by Stan Faryna
Blog Soup 2011.11.21 Dreams of Days After Turkey and Leftovers
Scary stuff is days-after turkey and the leftovers. Some have likened me to Homer Simpson and his big sandwich.
Must eat the leftovers!
Will the stuffing, mashed potatoes, and green bean casserole hold out until the Turkey is finished? That’s ever the big question in my mind when I go to the fridge after the big day.
About Blog Soup
I read a lot of blogs. Maybe, too many. I comment on a lot of blog posts. Maybe, too many. If you are a Triberrati, you do too.
A Triberrati is a blogger that stands out in the Triberr community. Triberr is a web app that connects bloggers and helps them to curate each other on Twitter. You can learn all about Triberr by reading any of the following posts about it.
I intend to write pithy, poignant comments that may help you truly rediscover yourself through the blog posts of friends and strangers. In terms of your journey of self discovery, the destinations are not as important as is your own personal negotiation of the questions, answers, and confusions which you may discover by following a link, reading a blog post, poring over comments, and making a comment. On the other hand, this is our community and, yes, community is all about our commitment to the community, conversations, consensus, disagreement, participation, and, yes, to each other.
I will fail often in this endeavor, but I can, as Booker T. Washington said, keep on keeping on. Will you humor me?
Gary Portnoy, Where everybody knows your name (Cheers theme song)
George Winston, Thanksgiving Music
The blog posts that I commented on in this blog soup:
2. How to think creatively by Tony Schwartz
My unabashed comments:
Daniel’s 5 Keys to better online debate:
1. Be Selective in your disagreements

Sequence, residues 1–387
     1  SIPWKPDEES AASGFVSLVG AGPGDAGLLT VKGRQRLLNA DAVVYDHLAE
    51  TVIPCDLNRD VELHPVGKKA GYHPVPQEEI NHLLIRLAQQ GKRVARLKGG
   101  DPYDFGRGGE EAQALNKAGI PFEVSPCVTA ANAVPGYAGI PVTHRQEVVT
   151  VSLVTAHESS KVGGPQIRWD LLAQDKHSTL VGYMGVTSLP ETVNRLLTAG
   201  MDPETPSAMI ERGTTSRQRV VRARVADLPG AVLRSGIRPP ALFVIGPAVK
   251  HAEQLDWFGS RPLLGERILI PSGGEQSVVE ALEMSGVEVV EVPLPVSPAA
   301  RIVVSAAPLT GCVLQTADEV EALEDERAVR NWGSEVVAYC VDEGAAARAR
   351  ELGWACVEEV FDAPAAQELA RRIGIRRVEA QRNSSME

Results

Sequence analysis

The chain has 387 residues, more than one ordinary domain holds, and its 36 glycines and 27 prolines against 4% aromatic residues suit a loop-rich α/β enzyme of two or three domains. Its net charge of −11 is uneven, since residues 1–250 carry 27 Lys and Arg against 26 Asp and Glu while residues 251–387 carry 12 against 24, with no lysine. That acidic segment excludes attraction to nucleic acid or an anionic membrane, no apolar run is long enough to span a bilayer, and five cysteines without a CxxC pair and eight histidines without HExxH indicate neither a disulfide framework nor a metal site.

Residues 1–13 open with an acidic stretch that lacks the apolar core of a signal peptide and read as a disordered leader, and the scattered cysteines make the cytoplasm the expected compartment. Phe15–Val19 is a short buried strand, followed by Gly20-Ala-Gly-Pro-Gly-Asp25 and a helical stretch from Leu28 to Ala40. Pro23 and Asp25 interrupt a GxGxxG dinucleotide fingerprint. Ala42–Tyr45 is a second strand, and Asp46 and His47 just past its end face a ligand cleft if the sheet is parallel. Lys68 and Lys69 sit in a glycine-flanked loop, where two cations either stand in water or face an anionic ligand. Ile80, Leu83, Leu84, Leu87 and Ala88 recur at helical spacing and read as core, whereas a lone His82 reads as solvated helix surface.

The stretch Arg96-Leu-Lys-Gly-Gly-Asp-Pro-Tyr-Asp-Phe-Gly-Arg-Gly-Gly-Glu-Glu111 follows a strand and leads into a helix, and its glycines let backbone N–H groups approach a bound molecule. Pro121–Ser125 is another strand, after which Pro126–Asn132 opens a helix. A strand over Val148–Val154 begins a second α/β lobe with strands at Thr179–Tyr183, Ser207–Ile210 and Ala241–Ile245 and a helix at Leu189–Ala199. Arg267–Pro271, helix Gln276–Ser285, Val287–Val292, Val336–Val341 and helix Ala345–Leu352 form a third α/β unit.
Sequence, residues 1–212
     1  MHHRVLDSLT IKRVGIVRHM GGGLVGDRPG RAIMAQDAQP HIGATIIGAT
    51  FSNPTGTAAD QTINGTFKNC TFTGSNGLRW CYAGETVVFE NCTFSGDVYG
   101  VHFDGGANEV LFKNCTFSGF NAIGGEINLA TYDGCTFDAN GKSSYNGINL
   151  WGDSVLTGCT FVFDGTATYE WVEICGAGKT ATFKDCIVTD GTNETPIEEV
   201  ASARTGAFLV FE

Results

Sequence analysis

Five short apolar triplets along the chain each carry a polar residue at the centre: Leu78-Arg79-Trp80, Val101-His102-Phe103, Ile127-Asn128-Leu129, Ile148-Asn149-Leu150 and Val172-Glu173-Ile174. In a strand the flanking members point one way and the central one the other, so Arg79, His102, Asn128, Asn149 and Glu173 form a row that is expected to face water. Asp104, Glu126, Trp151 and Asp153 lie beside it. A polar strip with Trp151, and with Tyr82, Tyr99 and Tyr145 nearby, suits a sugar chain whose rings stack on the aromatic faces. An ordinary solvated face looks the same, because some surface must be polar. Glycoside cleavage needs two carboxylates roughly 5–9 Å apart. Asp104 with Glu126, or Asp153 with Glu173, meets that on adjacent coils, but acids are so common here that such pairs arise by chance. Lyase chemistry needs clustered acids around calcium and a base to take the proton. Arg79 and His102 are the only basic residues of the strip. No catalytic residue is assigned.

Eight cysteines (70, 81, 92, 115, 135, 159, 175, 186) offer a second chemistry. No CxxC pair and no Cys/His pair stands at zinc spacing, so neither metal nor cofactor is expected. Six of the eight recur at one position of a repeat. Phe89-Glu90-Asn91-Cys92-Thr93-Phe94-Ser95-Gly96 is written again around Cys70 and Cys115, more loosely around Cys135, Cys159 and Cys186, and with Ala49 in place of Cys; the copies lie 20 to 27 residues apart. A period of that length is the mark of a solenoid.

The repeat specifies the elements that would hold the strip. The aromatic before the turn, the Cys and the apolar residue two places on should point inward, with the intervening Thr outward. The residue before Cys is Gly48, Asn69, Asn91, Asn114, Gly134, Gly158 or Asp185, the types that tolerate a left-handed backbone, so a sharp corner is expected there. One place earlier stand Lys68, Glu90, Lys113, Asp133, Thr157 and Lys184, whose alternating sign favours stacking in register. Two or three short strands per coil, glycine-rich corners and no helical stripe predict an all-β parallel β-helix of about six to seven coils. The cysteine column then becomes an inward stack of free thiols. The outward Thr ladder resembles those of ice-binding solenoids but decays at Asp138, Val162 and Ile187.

2. Understand the context; get clarification
3. Don’t waste time bickering back and forth
4. Don’t count on closure or a clean win
5. Empathize as much as you can
Daniel writes how he often disagrees with the things he reads on Twitter, Facebook, or blogs. Worse, he suggests, is the overwhelming number of indiscriminate agreements, compliments, and praise for stupidity, false insight, and lies.
As if those agreements, compliments, and praise do not reflect the stunning lack of intelligence of the commenters?!
Of course, they do! As John Garrett might add, there’s no better way to spot a stupid clown than in the comments.
Myself, I would like to see more honesty in the comments I’m reading across blog posts. Because there is a yawning lack of honesty going on. Or stupid clowning. Honesty, however, does not have to strikingly unkind, vicious, and disruptive – especially in the blog comments.
Myself, I do want to be encouraging, but I want to encourage others in good things, true things, and beautiful things. But I don’t always get the balance right when I contradict their suppositions. I know that and it concerns me considerably.